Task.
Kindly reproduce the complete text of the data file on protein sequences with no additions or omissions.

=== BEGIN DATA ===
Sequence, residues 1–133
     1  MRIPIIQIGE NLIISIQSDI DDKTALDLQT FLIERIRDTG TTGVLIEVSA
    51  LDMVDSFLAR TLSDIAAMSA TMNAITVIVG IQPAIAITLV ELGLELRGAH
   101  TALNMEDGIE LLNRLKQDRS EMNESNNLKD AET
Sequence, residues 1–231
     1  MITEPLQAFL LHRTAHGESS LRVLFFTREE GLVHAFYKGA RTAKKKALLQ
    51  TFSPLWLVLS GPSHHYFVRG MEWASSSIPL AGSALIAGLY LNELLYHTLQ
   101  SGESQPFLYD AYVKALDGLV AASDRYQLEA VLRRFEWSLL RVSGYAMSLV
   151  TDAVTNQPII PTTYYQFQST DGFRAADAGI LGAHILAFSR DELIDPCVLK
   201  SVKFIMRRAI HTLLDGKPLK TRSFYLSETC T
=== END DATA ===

Sequence, residues 1–133
     1  MRIPIIQIGE NLIISIQSDI DDKTALDLQT FLIERIRDTG TTGVLIEVSA
    51  LDMVDSFLAR TLSDIAAMSA TMNAITVIVG IQPAIAITLV ELGLELRGAH
   101  TALNMEDGIE LLNRLKQDRS EMNESNNLKD AET
Sequence, residues 1–231
     1  MITEPLQAFL LHRTAHGESS LRVLFFTREE GLVHAFYKGA RTAKKKALLQ
    51  TFSPLWLVLS GPSHHYFVRG MEWASSSIPL AGSALIAGLY LNELLYHTLQ
   101  SGESQPFLYD AYVKALDGLV AASDRYQLEA VLRRFEWSLL RVSGYAMSLV
   151  TDAVTNQPII PTTYYQFQST DGFRAADAGI LGAHILAFSR DELIDPCVLK
   201  SVKFIMRRAI HTLLDGKPLK TRSFYLSETC T